Rock, Weathering, and Soils Day

Welcome to Rocks, Weathering, and Soils Day

Objectives:

  • To understand, through place-based exemplars, physical geography relating to:
    • rocks,
    • weathering,
    • soils.

To build on your knowledge of globes, maps and atlases and apply and develop this knowledge routinely in the classroom and in the field.

Session One - Erosion & Transport

Weathering is the physical breakdown and chemical alteration of Earth materials at or near the surface.

Parent material is rock altered by weathering, either broken into smaller pieces or some of its constituent minerals altered or dissolved.

Erosion

This refers to the wearing away of soil and rock by water, wind, or ice.

  • erosion degrades soils
  • eroded sediments degrade rivers and streams.
  • In their resistance to weathering, rocks are not homogeneous (happening in the same way and at the same time). One may weather faster or slower than another. Parts of the same rock may weather at different rates. This process, known as differential weathering, creates many picturesque and bizarre features, such as arches and honeycomb weathering.

Transport

This refers to the movement of eroded material from its place of origin to a new site where it is deposited as sediment.

Weathering, Erosion, and Deposition.

Erosion Activity

Plan and carry out the activity above. Take photos. It's that simple.

Session Two - Mechanical vs Chemical Weathering

Two types of weathering are recognized: mechanical and chemical. Both proceed at the same time, but at a given site one type will be predominant.

Mechanical weathering – physical breakdown of rocks without changing the composition.

Mechanical weathering occurs when physical forces break Earth materials into smaller pieces. Rocks can break apart into smaller pieces in many ways.

  • For example: granite can be mechanically weathered to produce smaller pieces of granite and individual grains of the minerals comprising the granite, quartz and feldspars.

How weathering temperature affects rocks.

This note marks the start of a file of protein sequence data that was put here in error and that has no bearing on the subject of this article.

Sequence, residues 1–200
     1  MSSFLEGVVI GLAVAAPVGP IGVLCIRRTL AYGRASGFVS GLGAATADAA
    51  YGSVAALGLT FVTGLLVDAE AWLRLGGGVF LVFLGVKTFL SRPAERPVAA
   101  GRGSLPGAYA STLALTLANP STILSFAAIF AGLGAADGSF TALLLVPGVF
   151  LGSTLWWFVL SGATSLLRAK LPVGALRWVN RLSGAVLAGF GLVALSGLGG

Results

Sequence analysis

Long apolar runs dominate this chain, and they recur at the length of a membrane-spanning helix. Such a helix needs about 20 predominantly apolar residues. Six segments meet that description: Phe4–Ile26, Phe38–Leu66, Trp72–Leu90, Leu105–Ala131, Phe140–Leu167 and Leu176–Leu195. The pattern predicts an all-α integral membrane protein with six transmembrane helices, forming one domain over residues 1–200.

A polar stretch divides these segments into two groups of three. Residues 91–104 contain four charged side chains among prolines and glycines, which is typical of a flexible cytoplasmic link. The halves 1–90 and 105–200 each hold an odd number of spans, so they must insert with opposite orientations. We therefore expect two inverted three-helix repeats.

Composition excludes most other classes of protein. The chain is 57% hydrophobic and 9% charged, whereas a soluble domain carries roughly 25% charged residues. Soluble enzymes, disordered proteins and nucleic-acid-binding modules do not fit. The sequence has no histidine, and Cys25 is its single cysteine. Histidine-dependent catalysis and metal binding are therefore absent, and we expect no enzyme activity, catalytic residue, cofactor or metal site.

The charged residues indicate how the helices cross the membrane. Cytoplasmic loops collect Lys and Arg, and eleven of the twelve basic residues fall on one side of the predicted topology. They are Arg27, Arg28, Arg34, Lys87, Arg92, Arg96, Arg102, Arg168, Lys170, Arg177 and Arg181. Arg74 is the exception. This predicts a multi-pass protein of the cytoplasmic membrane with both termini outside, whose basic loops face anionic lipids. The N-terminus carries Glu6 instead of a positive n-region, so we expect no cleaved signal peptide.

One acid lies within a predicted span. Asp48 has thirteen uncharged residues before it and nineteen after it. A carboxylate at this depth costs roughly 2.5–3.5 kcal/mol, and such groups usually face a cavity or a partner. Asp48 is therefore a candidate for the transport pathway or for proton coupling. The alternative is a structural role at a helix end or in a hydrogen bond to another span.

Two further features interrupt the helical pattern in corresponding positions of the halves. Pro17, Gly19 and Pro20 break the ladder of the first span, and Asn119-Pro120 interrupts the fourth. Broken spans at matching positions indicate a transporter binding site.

Freeze-Thaw

  • When liquid water changes into solid ice, it increases in volume. You see this when you fill an ice cube tray with water and put it in the freezer. The ice cubes go to a higher level in the tray than the water. You also may have seen this if you put a can of soda into the freezer so that it cools down quickly.

Freezing Activity

Freeze a two bottles of water and leave no space for expansion in one.

Ice-Wedging

Ice wedging is common where water goes above and below its freezing point.

Ice wedging happens because water expands as it goes from liquid to solid. When the temperature is warm, water works its way into cracks in rock. When the temperature cools below freezing, the water turns to ice and expands. The ice takes up more space. Over time, this wedges the rock apart. Ice wedging is very effective at weathering. You can find large piles of broken rock at the base of a slope. These rocks were broken up by ice wedging. Once loose, they tumbled down the slope.

Mount Denali, Alaska

Ice-wedging Activity

Purpose: To build a model of ice wedging and see how it works.

Materials: plaster of Paris bandage, water balloon, water, syringe, paper cup, paint & brush, freezer.

Procedure:

1. Fill the balloon with water from the syringe and tie it. It should be about 1/2 the diameter of the cup in size.